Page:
Plaintiff acknowledges that his complaint was not timely filed. He pleads ignorance of the law, stating that he had no idea there was a filing deadline, and asks the Court to excuse his late filing. Essentially, plaintiff seeks equitable tolling of the statute of limitation, which is available in a civil action.

Outside of the context of a habeas corpus suit, we look to the five-factor balancing test set forth in Andrews v. Orr, 851 F.2d 146 (6th Cir.1988), to determine whether equitable tolling is appropriate. The court considers: "1) lack of notice of the filing requirement; 2) lack of constructive knowledge of the filing requirement; 3) diligence in pursuing one's rights; 4) absence of prejudice to the defendant; and 5) the plaintiff's reasonableness is remaining ignorant of the particular legal requirement."

Brown v. Cuyahoga Cnty., Ohio, 517 F.Appx. 431, 434-35 (6th Cir. 2013) (quoting Truitt v. Cnty. of Wayne, 148 F.3d 644, 648 (6th Cir.1998)). The Supreme Court has noted, however, how rare equitable tolling is.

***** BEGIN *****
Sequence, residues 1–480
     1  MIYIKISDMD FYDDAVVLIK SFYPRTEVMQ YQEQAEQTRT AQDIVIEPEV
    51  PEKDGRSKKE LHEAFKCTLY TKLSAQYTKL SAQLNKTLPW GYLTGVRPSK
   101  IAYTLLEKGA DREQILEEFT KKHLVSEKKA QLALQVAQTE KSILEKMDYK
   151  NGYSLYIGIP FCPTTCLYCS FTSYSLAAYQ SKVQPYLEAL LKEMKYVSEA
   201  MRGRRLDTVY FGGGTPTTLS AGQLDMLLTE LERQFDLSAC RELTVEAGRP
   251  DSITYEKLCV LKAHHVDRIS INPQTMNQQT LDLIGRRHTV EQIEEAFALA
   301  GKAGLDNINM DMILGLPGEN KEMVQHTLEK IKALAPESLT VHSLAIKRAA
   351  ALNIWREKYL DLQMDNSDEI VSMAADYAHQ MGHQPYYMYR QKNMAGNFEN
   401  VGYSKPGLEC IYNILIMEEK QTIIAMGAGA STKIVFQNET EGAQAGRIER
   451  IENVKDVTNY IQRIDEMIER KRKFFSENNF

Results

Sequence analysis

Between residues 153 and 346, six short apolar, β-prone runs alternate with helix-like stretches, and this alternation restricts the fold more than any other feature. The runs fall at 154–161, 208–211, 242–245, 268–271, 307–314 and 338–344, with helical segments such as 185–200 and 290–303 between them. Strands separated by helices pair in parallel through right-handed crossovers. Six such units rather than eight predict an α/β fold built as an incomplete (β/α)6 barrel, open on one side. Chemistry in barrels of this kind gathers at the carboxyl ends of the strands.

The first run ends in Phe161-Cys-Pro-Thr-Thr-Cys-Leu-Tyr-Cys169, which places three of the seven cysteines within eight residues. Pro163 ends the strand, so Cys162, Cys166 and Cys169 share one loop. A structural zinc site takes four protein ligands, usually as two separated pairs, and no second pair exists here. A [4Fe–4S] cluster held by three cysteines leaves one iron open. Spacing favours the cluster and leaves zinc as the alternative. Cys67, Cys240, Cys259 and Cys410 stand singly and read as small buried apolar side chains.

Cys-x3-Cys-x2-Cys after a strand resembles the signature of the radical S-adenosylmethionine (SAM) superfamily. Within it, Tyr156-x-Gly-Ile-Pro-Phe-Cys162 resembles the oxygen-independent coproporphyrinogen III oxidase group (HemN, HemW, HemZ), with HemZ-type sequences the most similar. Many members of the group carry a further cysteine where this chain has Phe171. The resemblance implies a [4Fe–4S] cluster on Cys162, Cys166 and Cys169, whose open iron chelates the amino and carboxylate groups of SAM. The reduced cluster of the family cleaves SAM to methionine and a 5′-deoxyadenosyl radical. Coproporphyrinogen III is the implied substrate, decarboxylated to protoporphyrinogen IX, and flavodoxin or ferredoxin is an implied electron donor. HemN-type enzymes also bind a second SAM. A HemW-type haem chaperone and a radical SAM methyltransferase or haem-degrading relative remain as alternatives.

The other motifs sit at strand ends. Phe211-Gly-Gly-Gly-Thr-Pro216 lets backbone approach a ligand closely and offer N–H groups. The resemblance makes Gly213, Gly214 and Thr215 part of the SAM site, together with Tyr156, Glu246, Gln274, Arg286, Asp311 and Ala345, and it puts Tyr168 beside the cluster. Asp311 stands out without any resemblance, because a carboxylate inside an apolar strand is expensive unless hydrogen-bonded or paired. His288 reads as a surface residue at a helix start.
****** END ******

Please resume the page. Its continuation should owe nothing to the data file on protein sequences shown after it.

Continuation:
Federal courts have typically extended equitable relief only sparingly. We have allowed equitable tolling in situations where the claimant has actively pursued his judicial remedies by filing a defective pleading during the statutory period, or where the complainant has been induced or tricked by his adversary's misconduct into allowing the filing deadline to pass. We have generally been much less forgiving in receiving late filings where the claimant failed to exercise due diligence in preserving his legal rights.

Irwin v. Dep't of Veterans Affairs, 498 U.S. 89, 96 (1990) (footnotes omitted). Equitable tolling, moreover, will not extend "to what is at best a garden ...